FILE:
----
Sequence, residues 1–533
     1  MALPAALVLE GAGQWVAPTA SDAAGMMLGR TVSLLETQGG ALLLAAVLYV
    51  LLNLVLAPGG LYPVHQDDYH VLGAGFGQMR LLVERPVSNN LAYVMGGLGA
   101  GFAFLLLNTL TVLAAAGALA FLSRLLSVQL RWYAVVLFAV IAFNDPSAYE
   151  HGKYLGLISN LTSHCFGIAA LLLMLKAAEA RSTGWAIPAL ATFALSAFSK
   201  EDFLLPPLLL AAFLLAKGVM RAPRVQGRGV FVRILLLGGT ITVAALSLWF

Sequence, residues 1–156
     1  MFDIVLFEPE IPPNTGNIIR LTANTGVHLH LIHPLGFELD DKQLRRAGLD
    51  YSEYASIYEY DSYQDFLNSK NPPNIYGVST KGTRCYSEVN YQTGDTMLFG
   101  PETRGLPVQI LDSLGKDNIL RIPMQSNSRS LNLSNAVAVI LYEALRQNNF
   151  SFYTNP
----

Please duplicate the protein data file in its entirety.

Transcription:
Sequence, residues 1–533
     1  MALPAALVLE GAGQWVAPTA SDAAGMMLGR TVSLLETQGG ALLLAAVLYV
    51  LLNLVLAPGG LYPVHQDDYH VLGAGFGQMR LLVERPVSNN LAYVMGGLGA
   101  GFAFLLLNTL TVLAAAGALA FLSRLLSVQL RWYAVVLFAV IAFNDPSAYE
   151  HGKYLGLISN LTSHCFGIAA LLLMLKAAEA RSTGWAIPAL ATFALSAFSK
   201  EDFLLPPLLL AAFLLAKGVM RAPRVQGRGV FVRILLLGGT ITVAALSLWF

Sequence, residues 1–156
     1  MFDIVLFEPE IPPNTGNIIR LTANTGVHLH LIHPLGFELD DKQLRRAGLD
    51  YSEYASIYEY DSYQDFLNSK NPPNIYGVST KGTRCYSEVN YQTGDTMLFG
   101  PETRGLPVQI LDSLGKDNIL RIPMQSNSRS LNLSNAVAVI LYEALRQNNF
   151  SFYTNP